Communication between the technical and non-technical resources can be challenging. I find it’s always worthwhile at the start of a project to make sure everyone is speaking the same language, as it could potentially waste valuable time if either side misunderstands the other.
As a data scientist, identifying which metrics most closely match the business objectives presented and understanding how changes in performance impact the business value is a vitally important skill.
For example, how a 5pc error reduction of the mean absolute percentage error could impact the dollar or euro value of the product.
Do you have any productivity tips that help you through the day?
I like to take care of all my smaller tasks first where possible, before starting on my larger tasks. This way I avoid building up a large backlog that can contribute to stress and I’ve also set myself up for the rest of the day feeling accomplished.
These small tasks can often be important answers for colleagues, which helps them move their own work along sooner.
What skills and tools are you using to communicate daily with your colleagues?
Microsoft Teams for messaging and meetings. I would recommend having at least one informal call a week to keep up with your team as they may not be working on the same projects right now, but you will benefit from knowing them better when you do work with them in future.
How has this role changed as the data science sector has grown and evolved?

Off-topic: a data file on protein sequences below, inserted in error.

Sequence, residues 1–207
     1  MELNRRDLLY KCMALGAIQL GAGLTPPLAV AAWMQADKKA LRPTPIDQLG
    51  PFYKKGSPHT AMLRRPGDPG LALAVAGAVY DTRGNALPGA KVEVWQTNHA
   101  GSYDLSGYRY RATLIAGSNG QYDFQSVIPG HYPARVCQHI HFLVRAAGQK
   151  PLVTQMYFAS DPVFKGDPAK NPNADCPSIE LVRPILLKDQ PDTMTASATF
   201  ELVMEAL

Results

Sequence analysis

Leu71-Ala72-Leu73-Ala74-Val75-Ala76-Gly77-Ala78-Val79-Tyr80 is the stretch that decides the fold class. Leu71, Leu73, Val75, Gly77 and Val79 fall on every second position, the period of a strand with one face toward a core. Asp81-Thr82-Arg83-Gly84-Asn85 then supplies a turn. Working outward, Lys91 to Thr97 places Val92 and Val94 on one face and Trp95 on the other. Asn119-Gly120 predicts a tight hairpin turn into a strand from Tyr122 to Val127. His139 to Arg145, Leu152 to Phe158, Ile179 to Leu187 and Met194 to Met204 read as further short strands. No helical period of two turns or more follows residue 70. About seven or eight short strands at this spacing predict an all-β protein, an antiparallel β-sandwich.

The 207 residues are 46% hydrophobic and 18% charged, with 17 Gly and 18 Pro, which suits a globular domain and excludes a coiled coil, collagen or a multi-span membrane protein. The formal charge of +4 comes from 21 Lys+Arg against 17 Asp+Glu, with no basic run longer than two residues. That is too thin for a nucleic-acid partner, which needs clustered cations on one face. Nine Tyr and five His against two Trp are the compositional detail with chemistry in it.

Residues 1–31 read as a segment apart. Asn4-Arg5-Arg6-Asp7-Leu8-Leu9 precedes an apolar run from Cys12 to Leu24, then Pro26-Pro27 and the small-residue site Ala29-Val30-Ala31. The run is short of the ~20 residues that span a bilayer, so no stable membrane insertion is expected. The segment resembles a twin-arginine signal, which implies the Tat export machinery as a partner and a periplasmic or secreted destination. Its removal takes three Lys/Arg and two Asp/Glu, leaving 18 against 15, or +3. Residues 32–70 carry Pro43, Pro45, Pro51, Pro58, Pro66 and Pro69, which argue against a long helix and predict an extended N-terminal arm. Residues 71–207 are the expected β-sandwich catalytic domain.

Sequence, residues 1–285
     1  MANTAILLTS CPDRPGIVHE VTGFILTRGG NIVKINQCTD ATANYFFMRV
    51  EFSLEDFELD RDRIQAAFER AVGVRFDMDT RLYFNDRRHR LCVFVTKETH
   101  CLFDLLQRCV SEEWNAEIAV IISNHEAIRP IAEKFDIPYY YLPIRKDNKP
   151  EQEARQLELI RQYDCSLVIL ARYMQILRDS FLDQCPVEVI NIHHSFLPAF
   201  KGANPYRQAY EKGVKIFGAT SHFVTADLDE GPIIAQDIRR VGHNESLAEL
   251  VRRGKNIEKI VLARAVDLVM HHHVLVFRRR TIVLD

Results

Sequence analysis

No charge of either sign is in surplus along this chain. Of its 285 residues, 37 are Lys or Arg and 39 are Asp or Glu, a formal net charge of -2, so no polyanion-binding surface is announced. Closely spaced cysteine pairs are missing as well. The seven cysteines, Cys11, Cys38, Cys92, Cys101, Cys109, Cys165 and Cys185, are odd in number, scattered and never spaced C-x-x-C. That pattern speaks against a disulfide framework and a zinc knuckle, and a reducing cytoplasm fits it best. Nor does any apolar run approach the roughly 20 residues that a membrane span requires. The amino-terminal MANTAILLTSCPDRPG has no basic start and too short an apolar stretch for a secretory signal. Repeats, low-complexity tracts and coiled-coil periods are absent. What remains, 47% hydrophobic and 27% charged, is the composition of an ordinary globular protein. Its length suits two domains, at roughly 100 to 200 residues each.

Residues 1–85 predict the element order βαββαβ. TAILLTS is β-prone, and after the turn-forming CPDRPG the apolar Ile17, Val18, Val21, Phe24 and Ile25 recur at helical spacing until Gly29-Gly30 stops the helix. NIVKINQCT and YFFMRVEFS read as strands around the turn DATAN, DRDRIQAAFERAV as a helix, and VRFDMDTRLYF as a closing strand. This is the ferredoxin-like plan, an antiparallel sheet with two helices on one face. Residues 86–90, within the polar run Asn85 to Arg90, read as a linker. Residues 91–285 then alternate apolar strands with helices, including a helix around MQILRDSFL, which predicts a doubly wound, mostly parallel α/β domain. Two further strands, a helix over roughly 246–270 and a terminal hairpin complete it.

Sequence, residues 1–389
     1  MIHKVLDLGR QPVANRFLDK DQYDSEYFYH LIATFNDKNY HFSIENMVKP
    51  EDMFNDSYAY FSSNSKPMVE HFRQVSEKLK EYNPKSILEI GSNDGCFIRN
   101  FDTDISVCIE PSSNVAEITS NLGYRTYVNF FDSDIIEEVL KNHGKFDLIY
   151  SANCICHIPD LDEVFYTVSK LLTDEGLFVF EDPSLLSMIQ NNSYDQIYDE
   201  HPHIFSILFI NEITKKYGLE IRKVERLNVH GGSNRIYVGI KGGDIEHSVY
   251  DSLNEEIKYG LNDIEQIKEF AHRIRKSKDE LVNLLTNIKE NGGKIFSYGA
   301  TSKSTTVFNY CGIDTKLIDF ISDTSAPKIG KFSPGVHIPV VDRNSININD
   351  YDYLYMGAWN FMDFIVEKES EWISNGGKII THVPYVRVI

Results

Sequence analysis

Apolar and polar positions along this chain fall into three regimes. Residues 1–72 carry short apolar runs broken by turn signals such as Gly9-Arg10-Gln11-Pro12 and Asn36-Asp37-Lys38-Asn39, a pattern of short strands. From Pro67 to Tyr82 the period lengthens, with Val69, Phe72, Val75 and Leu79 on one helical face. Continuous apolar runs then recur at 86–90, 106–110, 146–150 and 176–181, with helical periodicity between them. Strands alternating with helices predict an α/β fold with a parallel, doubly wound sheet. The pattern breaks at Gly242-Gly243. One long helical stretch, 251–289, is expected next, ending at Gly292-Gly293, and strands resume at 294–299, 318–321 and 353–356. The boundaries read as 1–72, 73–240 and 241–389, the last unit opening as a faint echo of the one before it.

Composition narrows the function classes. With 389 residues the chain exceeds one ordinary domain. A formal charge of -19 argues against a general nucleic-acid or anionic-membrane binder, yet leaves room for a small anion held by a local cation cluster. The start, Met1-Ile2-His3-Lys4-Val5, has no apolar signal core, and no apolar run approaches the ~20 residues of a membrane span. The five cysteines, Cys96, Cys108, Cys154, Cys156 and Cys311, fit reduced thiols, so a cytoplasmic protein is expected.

When I started in data science, mathematical and statistical models were the most common way to model processes and data, fitting explainable and interpretable functions to datasets.
Over the years ,we have moved away from these models to more ‘black-box’ style deep-learning models, which discover patterns in the data that are difficult for humans to identify.
Recently, I’ve seen a lot of research going into explainable AI. This is to ensure any biases are mitigated and to build trust in the models, bringing human interpretability back to the forefront of the field. So, in some small way, I feel like the sector has come full circle for me.
What do you enjoy most about working in data science?
I enjoy problem solving, which is a main component of being in the R&D section of the business – whether that’s building the best model to predict the next step in a time series, identifying the best production deployment for a model or creating a novel way to present a piece of data.
What advice would you give to someone who wants to work in data science?
To me, data science is the centre of a Venn diagram containing statistics, software engineering and business information, yet I often find most graduate applicants that I interview have focused on only one or two of these three components.
As a statistics and financial maths graduate, I felt my software engineering skills were not up to the level of the computer scientists within the field and I had to upskill to match them.
I would recommend that anyone who wants to get into the field to upskill in whichever of these areas are necessary.